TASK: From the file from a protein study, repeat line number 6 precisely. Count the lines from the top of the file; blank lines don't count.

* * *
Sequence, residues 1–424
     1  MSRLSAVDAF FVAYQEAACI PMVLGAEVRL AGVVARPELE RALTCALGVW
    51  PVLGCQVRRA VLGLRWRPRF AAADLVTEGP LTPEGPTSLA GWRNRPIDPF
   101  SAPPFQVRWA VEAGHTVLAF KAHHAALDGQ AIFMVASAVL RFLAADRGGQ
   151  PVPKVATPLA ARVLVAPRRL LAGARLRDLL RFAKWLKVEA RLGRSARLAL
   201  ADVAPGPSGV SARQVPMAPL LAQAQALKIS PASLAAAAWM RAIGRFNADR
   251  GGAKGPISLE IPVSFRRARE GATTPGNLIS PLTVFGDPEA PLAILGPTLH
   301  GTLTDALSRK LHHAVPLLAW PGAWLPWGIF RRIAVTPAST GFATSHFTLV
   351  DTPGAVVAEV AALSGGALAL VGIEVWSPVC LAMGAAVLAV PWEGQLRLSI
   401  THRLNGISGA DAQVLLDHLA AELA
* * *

   201  ADVAPGPSGV SARQVPMAPL LAQAQALKIS PASLAAAAWM RAIGRFNADR